To enjoy the full Mail & Guardian online experience: please upgrade your browser
22 Jun 2013 11:34
Fujisan, which is located some 100km southwest of the capital Tokyo, last erupted around 300 years ago. Images of its peak adorn tourism literature published at home and abroad. (AFP)
Fujisan, the highest mountain in Japan at 3 776m, is one of the country's most recognisable sights. The snow-capped peak "has inspired artists and poets and been the object of pilgrimage for centuries", Unesco said on Saturday.
The United Nations Educational, Scientific and Cultural Organization committee, currently holding its 37th annual session in Phnom Penh, classified the site as a "cultural" heritage site, rather than a "natural" heritage site.
"The awe that Fujisan's majestic form and intermittent volcanic activity has inspired was transformed into religious practices that linked Shintoism and Buddhism, people and nature," documents prepared ahead of the meeting said.
Mount Fuji "inspired artists in the early 19th century to produce images that transcended cultures, allowed the mountain to be known around the world, and had a profound influence on the development of Western art."
Fujisan, which is located some 100km southwest of the capital Tokyo, last erupted around 300 years ago.
Images of its peak adorn tourism literature published at home and abroad.
Unesco documents singled out a series of wood block prints by Katsushika Hokusai, the Thirty-Six Views of Mount Fuji, saying they "had a profound impact on Western art in the 19th century and allowed the form of Fujisan to become widely known as the symbol of 'Oriental' Japan".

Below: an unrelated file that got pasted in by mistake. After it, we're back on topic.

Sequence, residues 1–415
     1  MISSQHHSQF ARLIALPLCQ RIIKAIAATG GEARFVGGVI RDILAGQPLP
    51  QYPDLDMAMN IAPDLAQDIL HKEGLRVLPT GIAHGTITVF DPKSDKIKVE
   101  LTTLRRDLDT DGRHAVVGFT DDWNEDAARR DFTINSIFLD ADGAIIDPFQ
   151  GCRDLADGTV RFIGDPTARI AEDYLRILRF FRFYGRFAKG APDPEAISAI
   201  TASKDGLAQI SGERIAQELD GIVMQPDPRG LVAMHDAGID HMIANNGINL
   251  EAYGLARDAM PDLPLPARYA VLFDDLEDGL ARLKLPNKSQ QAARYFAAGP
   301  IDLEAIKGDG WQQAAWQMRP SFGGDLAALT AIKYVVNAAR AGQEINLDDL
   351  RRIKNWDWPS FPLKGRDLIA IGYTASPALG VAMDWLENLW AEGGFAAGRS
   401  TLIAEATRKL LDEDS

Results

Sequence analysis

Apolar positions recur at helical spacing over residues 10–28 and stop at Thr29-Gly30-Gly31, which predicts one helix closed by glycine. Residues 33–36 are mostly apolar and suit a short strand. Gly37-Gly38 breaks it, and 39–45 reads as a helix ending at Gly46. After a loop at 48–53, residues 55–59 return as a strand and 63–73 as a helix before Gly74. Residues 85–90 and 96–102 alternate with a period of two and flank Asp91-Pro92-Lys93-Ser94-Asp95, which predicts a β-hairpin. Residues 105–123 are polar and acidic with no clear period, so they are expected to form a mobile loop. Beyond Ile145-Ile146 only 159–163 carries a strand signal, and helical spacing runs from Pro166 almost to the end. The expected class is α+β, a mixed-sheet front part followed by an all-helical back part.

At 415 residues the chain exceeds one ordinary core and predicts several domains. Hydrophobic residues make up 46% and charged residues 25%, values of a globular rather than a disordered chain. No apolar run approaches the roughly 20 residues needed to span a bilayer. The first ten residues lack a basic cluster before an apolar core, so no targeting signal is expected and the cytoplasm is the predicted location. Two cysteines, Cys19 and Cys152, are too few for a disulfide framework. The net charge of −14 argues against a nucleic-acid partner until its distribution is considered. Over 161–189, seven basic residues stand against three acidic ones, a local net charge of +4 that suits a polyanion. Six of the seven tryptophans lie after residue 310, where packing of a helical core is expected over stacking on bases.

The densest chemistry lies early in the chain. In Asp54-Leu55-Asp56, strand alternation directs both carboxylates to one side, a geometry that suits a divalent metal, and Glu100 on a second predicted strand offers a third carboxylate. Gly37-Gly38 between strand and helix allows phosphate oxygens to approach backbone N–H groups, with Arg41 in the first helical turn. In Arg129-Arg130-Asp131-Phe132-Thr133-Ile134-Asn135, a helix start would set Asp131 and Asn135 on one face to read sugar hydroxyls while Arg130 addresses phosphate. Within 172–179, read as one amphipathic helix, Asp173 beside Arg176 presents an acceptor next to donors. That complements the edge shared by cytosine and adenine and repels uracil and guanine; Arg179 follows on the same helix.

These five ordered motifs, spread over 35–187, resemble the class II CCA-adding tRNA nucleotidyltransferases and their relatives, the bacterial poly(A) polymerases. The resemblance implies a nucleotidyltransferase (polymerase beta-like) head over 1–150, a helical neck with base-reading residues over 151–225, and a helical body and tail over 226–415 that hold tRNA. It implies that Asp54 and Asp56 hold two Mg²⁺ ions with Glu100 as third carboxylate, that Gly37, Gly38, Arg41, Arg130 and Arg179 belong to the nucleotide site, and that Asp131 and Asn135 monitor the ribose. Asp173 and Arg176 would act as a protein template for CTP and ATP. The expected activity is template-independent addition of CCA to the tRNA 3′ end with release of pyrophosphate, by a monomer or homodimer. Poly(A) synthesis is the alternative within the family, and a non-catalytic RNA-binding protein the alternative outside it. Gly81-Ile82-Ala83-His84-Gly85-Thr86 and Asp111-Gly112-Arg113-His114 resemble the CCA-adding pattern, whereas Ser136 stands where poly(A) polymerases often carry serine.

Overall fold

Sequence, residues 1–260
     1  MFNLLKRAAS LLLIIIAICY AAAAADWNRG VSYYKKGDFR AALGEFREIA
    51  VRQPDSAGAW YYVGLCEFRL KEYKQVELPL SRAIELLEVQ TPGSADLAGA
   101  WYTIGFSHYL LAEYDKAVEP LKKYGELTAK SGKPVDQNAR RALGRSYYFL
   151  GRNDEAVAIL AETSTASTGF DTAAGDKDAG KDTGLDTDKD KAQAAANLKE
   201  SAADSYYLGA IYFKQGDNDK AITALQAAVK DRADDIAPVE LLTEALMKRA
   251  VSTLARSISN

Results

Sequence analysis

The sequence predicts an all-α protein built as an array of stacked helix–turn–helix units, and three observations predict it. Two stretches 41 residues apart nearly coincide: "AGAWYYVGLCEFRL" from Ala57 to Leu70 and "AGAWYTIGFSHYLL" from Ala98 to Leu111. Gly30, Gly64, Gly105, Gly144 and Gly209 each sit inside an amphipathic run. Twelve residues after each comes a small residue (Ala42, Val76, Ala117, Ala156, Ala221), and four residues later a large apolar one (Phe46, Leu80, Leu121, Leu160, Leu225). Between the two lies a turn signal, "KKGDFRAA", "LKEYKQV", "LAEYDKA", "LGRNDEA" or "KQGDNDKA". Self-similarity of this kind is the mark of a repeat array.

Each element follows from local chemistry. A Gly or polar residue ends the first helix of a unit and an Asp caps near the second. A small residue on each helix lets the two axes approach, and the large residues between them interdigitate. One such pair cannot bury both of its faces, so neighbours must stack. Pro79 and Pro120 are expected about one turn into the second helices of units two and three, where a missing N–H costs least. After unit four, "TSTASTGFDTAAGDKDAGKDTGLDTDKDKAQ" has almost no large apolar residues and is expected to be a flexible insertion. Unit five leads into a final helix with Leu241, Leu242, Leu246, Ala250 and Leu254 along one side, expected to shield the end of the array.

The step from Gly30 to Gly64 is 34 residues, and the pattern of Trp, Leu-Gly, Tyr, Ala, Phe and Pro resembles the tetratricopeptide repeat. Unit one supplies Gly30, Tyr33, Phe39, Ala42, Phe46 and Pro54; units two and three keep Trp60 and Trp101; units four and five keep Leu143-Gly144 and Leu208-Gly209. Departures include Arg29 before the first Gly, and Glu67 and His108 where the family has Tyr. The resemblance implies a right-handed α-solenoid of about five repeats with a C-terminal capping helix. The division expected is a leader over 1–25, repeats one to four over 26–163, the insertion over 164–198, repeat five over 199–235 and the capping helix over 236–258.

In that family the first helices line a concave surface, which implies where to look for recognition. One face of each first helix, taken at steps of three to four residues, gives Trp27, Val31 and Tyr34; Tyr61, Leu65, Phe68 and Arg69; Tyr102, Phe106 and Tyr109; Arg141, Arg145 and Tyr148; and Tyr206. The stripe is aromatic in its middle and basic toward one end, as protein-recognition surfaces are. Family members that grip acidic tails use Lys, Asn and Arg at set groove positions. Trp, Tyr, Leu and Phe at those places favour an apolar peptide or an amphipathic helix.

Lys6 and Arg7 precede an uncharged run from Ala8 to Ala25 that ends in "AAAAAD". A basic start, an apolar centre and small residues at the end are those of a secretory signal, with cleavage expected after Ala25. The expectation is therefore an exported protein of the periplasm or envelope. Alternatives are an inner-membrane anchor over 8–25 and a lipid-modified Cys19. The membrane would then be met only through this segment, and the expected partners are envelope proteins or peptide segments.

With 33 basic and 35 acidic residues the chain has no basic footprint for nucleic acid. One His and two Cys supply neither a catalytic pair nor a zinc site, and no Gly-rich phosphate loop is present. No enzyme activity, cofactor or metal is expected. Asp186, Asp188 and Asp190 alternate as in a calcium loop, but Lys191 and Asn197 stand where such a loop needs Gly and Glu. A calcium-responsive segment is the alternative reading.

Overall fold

The Unesco-listed site includes the top zone of the mountain and sites spread across the slopes and at the base of the mountain including shrines, lodging houses and groups of "revered natural phenomena" including springs, a waterfall, and lava tree moulds.
"Together [they] form an exceptional testimony to the religious veneration of Fujisan, and encompass enough of its majestic form to reflect the way its beauty as depicted by artists had such a profound influence on the development of Western art," Unesco said.
Mount Fuji is the seventeenth Japanese site to be inscribed by Unesco.
Unesco is currently holding a 10-day annual meeting in Phnom Penh during which it is considering adding 31 sites to the World Heritage List.
On Saturday, Unesco also inscribed the landscapes of terraced rice fields of Honghe Hani, south of the Chinese province of Yunnan, which reflect "in an exceptional way a specific interaction with the environment mediated by integrated farming and water management systems."
"Carved out of dense forest over the past 1 300 years by Hani people ... the irrigated terraces support paddy fields overlooking narrow valleys," Unesco said in documents prepared ahead of the inscription.
"In some places, you can see up to 3 000 suspended terraces on the slopes" of Ailao mountains, it added. On Friday, Italy's Mount Etna, the Hill Forts of Rajasthan in India and the Namib Sand Sea were among the natural wonders and cultural jewels to be granted World Heritage status. – AFP
Create Account | Lost Your Password?